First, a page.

Ryan Braun denies that he used a banned substance, but the debate about his innocence continues.
As cool and confident as ever in the Arizona heat, Milwaukee Brewers outfielder Ryan Braun said all the right things about his successful bid to beat a drug rap. Or at least as much as the legal system allowed him.
One day after Braun became the first major leaguer to have a suspension overturned, he painted himself as a victim of a “fatally flawed system” in this instance. He denied that he put the banned substance in his body. He inferred that the highly inflated positive result was the work of a botched procedure or perhaps a devious messenger. He pulled it off with the kind of California smooth that has been a trademark throughout his career.
“The truth was on my side,” Braun told the media.
Yet while Braun made a compelling argument to the public, his case isn't closed yet. Far from it, in fact.
A lot questions remain to be answered in the days ahead, not the least of which his why Major League Baseball “vehemently opposed” the decision to overturn his 50-game punishment. The higher-ups didn't just disagree with the opinion of the three-member board, mind you. They weren't even mildly upset about it. No, they were really, really peeved off because of it.
A short time after Braun stated his case, MLB executive vice president of labor relations and human resources Rob Manfred responded with the other side of the story.
What is your verdict in the Ryan Braun case?
"The extremely experienced collector in Mr. Braun's case acted in a professional and appropriate manner," Manfred said. "He handled Mr. Braun's sample consistent with instructions issued by our jointly retained collection agency. The arbitrator found that those instructions were not consistent with certain language in our program, even though the instructions were identical to those used by many other drug programs -- including the other professional sports and the World Anti-Doping Agency.
"Our program is not 'fatally flawed.' Changes will be made promptly to clarify the instructions provided to collectors regarding when samples should be delivered to FedEx based on the arbitrator's decision. Neither Mr. Braun nor the MLBPA contended in the grievance that his sample had been tampered with or produced any evidence of tampering."
That Braun and the players' union did not contest the result itself still leaves doubts about his elevated testosterone levels and innocence. Of the challenge ahead, the reigning National League Most Valuable Player conceded, “I recognize this won't be easy. It's going to be a challenge.”
For sure, Braun has a lot at stake here. Namely, a plaque in Cooperstown, N.Y., years from now.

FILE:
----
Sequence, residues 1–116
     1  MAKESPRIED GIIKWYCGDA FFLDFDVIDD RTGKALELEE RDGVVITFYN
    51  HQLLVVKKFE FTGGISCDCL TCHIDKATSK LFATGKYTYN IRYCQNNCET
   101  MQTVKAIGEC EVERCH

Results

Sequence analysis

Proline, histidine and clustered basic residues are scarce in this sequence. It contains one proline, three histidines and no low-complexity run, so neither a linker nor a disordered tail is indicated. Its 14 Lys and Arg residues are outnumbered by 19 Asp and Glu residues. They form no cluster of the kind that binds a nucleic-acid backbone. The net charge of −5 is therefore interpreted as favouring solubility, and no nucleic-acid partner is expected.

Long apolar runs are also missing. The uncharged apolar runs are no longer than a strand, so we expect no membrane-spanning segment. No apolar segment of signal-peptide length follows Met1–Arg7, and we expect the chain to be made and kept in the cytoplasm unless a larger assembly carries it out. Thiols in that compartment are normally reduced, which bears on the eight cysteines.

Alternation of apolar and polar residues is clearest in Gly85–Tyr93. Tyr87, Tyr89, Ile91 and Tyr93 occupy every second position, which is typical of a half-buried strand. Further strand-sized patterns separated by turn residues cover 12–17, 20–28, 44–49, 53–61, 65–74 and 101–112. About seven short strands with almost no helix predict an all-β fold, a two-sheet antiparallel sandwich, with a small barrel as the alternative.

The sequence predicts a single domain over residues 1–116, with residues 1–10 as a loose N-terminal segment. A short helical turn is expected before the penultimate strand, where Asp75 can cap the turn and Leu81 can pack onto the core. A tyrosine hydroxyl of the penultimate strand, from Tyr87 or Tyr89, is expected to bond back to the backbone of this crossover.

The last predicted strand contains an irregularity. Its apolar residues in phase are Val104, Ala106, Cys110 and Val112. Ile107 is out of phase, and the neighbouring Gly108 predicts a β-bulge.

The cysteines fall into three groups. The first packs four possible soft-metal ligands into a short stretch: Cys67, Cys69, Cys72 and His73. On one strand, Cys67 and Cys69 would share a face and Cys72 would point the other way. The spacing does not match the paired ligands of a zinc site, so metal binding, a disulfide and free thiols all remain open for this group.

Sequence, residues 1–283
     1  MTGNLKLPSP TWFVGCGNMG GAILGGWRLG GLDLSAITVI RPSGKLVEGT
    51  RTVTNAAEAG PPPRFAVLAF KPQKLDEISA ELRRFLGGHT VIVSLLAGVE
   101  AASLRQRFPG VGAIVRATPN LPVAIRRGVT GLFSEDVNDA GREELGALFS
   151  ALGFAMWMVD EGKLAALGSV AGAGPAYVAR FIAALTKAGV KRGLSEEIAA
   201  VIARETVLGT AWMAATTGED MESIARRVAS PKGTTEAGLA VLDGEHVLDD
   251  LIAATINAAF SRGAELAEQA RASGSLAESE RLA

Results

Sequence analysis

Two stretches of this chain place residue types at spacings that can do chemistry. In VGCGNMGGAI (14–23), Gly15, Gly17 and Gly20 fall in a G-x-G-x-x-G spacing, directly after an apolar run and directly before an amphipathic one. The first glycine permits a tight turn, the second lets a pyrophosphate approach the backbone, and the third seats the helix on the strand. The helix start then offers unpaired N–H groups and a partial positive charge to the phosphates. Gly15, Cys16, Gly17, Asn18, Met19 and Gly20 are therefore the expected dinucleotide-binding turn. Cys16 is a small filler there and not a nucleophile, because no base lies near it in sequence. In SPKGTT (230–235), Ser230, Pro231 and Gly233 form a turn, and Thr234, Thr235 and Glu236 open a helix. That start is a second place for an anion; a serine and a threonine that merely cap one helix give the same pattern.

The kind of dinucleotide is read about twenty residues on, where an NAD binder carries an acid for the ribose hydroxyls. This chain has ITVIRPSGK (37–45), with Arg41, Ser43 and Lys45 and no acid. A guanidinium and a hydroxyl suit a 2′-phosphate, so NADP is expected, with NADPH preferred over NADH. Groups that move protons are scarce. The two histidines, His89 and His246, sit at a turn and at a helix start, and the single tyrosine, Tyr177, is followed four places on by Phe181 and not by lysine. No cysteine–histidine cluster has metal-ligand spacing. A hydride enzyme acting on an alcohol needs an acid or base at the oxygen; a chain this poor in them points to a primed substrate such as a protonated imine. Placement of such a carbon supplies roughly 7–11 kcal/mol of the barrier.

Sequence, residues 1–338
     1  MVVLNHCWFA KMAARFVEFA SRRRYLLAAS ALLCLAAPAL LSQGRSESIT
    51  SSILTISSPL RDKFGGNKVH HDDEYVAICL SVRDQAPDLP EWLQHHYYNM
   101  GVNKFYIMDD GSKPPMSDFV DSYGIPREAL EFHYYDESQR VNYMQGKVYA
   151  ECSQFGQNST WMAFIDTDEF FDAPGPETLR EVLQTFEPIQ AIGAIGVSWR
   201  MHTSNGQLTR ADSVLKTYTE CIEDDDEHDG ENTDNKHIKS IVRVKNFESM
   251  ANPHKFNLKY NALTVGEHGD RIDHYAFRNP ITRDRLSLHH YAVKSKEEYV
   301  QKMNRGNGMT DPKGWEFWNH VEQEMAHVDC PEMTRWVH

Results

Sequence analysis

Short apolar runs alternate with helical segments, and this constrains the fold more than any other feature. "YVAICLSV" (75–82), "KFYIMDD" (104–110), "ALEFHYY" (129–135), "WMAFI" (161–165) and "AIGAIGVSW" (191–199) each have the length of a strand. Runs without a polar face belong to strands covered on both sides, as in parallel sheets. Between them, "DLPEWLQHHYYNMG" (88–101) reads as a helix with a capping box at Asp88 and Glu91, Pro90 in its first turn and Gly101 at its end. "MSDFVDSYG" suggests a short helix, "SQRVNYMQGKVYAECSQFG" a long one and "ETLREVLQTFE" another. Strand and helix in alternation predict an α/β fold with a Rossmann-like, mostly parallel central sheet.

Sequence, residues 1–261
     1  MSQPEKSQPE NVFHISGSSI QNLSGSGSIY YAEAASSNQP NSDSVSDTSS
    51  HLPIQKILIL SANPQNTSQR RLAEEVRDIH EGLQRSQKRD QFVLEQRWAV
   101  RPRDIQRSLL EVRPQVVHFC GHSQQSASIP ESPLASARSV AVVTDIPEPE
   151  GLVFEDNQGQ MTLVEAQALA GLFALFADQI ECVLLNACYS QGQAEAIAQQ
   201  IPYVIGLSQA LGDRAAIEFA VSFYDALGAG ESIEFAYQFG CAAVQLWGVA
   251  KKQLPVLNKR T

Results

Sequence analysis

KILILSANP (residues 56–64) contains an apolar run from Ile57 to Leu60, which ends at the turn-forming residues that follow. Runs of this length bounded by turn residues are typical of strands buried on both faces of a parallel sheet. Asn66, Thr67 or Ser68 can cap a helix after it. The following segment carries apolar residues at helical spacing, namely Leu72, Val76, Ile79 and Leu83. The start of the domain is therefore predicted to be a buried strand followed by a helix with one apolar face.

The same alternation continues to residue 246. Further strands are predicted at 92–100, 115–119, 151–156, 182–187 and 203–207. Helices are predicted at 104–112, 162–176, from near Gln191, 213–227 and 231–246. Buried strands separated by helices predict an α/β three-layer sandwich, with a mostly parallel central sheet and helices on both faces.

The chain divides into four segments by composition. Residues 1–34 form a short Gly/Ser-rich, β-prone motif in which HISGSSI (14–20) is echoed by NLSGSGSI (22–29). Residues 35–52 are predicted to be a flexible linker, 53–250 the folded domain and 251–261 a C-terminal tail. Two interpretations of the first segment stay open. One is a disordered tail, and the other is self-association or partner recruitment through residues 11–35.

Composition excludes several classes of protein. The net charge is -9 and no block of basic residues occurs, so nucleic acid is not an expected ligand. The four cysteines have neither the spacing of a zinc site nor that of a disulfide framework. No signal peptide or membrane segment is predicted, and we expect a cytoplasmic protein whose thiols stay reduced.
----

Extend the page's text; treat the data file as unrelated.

If Braun were to hit .300 and average 30 home runs and 100 RBI in the next eight seasons—he's at .304, 32 and 106 right now—he would have a .305 batting average, 401 homers and 1,331 RBI at 35 years of age. Currently, every eligible player who achieved those totals is a Hall of Famer. As it stands now, his numbers most closely resemble those of Hall-of-Fame outfielder Chick Hafey at a similar age.
Braun can expect his performance to be scrutinized as much as his controversial urine sample in the years to come. Pressure? If his numbers drop off noticeably in even one significant category, it will be cause for critics to say, Aha! Told ya so! The dude was guilty as sin all along!
Also remember that he also won't have Prince Fielder to ride shotgun in the batting order any more. That means fewer good pitches to hit probably.
Of course, none of that will matter to many of the Hall of Fame voters, though. They haven't been a particularly sympathetic lot lately.
Mark McGwire was never convicted of a drug offense, either. Even so, the consensus remains that performance enhancers contributed to his 583 home runs and .588 slugging percentage. In three years on the Hall of Fame ballot, his approval rate dropped from 23.7 percent to 19.8 percent to 19.5 percent.
Then there's Rafael Palmeiro, who “never (knowingly) took steroids—period,” as he testified in front of Congress several years ago. Despite 3,020 hits and 569 homers, he was named on only 12.6 percent of the ballots in the last Hall of Fame election. That represented a scant 1.6 percent increase from the previous year, when his name first appeared on the ballot.
So, while Braun has taken a major step to clear his name and restore his reputation, it may be awhile before a decision is reached in the field of public opinion.